Budget carrier Ryanair has a reputation for grabbing headlines worldwide due to outlandish cost-cutting antics of CEO Michael O’Leary.
Ryanair caused quite a stir when O’Leary proposed to equip planes with only one toilet, and charge passengers to access the facilities.
Would they actually charge people to use the loo? While it’s permissible under the law, as O’Leary said, the move was yet another way for the company to demonstrate their commitment to low airfares. Every journalist who buys the stunt helps Ryanair reach far more travelers, more cheaply than if the company had bought advertising.
As a startup controversy is a great way to cut through the noise and grab people’s attention. Most people are unwilling to take risks, and to effectively court controversy you must be creative, and be prepared for the fallout.
Creating controversy is not a foolproof method of public relations, just ask Peter Shih. Founders and startup marketers are often afraid to put their necks on the line, because they fear the damage they might do to their brand, or they worry about alienating partners, investors and potential hires. These are valid concerns. But if you’re smart and you have a clear goal, controversy can be a great way to separate yourself from the pack and to increase your speed of growth.
Below are three ways your startup can court controversy and use it to your advantage.
Stake out a controversial point of view
It’s not difficult to create a controversy. Simply by promoting views that are unusual or different you will have people’s attention. If everyone says go left, all you have to do is tell people why they should go right. Being different means being noticed.
Use your corporate blog to collect your thoughts, and challenge the conventional wisdom. Once you’ve collected a decent amount of material you can approach other popular blogs and outlets and ask to contribute a guest post with your controversial standpoint.
But there are limits. No one will take you seriously if you’re making far-fetched or outlandish claims for their own sake. Controversy means shining a light on little-know practices within your industry, or potential areas of concern that need to be addressed. From here it’s your job to point to a better way forward, and to provide the best possible alternative.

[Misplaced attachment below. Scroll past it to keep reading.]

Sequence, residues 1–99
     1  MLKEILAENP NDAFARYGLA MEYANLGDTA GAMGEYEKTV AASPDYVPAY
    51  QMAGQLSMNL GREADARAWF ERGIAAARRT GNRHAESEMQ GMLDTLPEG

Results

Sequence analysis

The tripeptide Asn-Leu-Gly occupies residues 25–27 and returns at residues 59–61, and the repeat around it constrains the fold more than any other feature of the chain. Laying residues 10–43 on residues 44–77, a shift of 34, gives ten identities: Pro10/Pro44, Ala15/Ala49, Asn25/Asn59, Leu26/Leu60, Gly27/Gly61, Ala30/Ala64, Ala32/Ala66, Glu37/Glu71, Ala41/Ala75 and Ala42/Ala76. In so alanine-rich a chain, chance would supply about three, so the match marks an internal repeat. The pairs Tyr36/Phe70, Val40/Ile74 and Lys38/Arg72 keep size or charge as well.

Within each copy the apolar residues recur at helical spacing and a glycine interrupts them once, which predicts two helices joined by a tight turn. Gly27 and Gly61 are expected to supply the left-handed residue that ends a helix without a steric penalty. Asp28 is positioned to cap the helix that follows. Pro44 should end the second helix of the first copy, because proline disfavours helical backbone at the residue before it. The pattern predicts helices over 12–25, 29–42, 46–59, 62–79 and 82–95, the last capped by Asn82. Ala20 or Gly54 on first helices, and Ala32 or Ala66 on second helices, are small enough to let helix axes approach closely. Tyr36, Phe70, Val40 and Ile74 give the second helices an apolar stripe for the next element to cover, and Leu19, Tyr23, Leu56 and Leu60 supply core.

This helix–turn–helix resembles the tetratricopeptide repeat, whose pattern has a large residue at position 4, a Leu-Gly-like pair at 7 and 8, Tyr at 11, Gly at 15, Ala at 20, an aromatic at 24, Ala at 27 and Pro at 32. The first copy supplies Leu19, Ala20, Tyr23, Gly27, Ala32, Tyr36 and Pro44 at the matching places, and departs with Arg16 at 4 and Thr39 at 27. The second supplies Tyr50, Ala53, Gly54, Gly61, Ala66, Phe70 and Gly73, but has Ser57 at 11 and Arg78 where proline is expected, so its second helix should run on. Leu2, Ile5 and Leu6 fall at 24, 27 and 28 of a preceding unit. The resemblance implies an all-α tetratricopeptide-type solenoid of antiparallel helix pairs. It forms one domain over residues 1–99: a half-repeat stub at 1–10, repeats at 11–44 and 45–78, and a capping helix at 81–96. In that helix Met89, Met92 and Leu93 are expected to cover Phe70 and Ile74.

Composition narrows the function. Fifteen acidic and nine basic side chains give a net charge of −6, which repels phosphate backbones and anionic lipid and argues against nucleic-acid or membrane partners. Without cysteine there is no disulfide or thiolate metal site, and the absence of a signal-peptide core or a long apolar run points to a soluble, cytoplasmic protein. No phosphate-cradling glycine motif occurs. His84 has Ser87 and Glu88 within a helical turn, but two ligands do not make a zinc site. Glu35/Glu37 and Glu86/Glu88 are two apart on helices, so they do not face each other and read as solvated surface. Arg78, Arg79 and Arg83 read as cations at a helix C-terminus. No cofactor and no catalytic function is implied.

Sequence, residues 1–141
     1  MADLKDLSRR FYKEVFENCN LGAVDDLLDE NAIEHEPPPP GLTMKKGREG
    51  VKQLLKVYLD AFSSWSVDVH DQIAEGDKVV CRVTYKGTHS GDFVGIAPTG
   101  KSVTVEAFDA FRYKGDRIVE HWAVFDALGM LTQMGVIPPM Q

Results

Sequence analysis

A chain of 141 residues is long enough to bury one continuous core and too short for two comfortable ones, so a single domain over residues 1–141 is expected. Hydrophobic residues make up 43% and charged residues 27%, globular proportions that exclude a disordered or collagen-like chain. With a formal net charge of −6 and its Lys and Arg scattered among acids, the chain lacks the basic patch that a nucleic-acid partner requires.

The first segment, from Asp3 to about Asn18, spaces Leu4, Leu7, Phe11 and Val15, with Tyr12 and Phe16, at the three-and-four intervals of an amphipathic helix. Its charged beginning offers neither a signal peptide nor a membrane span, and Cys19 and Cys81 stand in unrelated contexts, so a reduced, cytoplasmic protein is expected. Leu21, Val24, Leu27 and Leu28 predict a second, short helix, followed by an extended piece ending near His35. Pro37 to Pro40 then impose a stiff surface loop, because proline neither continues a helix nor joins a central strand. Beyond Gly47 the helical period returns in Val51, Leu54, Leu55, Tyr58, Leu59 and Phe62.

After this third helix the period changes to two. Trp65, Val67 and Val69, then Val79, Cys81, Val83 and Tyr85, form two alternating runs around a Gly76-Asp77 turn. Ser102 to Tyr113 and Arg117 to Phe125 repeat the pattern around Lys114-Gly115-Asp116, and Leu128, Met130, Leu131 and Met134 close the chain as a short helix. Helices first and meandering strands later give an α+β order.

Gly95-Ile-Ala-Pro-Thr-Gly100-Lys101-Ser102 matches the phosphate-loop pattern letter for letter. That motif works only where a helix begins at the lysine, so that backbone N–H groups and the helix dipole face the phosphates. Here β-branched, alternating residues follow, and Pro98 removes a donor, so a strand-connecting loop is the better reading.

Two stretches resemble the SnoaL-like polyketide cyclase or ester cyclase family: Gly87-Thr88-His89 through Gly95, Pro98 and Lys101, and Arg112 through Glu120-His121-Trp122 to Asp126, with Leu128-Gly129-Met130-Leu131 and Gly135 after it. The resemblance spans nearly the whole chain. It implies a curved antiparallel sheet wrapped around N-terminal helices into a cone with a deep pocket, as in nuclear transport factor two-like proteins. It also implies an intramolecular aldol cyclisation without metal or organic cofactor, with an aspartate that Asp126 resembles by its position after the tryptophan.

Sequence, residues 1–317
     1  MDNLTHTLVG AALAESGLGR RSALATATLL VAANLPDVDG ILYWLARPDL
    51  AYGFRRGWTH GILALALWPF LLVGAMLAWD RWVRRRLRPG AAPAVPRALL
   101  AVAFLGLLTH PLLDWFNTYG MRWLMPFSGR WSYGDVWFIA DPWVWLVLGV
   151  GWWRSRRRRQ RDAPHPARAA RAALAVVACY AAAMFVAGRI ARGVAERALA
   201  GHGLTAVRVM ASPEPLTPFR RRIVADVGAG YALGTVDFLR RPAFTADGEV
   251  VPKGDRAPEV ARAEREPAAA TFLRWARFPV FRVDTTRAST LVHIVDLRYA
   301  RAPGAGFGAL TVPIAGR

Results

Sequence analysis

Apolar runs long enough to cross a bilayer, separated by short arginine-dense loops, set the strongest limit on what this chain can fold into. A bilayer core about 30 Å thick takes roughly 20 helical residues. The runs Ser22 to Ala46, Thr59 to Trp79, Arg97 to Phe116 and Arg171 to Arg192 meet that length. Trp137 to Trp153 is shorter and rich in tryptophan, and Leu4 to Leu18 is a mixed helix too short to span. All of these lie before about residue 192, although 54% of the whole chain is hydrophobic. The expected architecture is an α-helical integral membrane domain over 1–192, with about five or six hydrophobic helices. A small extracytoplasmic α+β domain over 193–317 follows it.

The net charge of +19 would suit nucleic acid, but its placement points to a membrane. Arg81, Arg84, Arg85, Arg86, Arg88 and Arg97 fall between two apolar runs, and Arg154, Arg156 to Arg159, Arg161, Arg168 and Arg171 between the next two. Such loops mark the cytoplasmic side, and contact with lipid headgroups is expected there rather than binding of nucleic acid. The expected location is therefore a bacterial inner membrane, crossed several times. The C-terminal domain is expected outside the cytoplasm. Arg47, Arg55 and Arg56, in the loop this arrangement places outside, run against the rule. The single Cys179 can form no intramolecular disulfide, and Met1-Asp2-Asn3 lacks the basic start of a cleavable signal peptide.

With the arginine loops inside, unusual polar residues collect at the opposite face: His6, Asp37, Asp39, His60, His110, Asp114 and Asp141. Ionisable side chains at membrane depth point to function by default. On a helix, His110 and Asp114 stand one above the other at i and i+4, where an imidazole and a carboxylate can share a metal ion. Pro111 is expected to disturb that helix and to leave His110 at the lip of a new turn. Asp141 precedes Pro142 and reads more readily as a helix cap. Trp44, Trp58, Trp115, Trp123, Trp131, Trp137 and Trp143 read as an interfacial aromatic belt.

Challenge your biggest rival
Payments startup WePay pulled off a legendary feat of Silicon Valley guerilla marketing/trolling when they dropped a block of frozen money outside the 2010 PayPal Innovate Conference being held in San Francisco’s Moscone Center. Inside the ice was more than $600 cash, and the words, “PAYPAL FREEZES YOUR ACCOUNTS. Unfreeze your money.” This shot across the bow was relatively inexpensive to pull off, yet it struck a nerve with vendors tired of waiting days for PayPal to release their funds. The stunt also put PayPal on notice that there were challengers working to unseat them from the throne of electronic payments.
If WePay had chosen to target rival payments provider, one of a similar size, the stunt wouldn’t have gotten nearly the attention. But because WePay went after the biggest fish in the pond, they elevated themselves to legendary status. This is why I always recommend to startups that you choose your enemies wisely.
Public relations stunts and outlandish acts are great ways to get attention, but the best controversy has real substance. Using data is a great way to provoke discussion while educating and informing. Data visualization and infographics are two great ways to use your proprietary data, or publicly available data to be controversial and thought-provoking.
It’s often said that numbers don’t lie. The book ‘How To Lie With Statistics‘ provides a pretty strong counter-argument that number aren’t infallible, but the point remains that facts and figures can make a very strong case for your point of view. Journalists love data, and one can safely assume that your competitors are committing lies of omission with their marketing data.
We all want to put the best spin on our product or idea, which leave us open for a valid counter-argument. The important data your rivals leave out of their marketing claims is an opportunity for you to demonstrate thought leadership and to prove your value. Use numbers to your advantage.
At the end of the day remember that controversy should be fun, light-hearted and intelligent. While you should have strong feelings about your market, and what is in the best interest of your customers, no one needs to get hurt. The larger your rivals, the more common it is for people to take shots at them, and they should have a thick skin. Just remember that creating controversy is a tactic, and nothing should distract you from creating products that delight your users.
What are some other ways startups can stir up controversy and build a little buzz around their product? Sound off in the comments section below.
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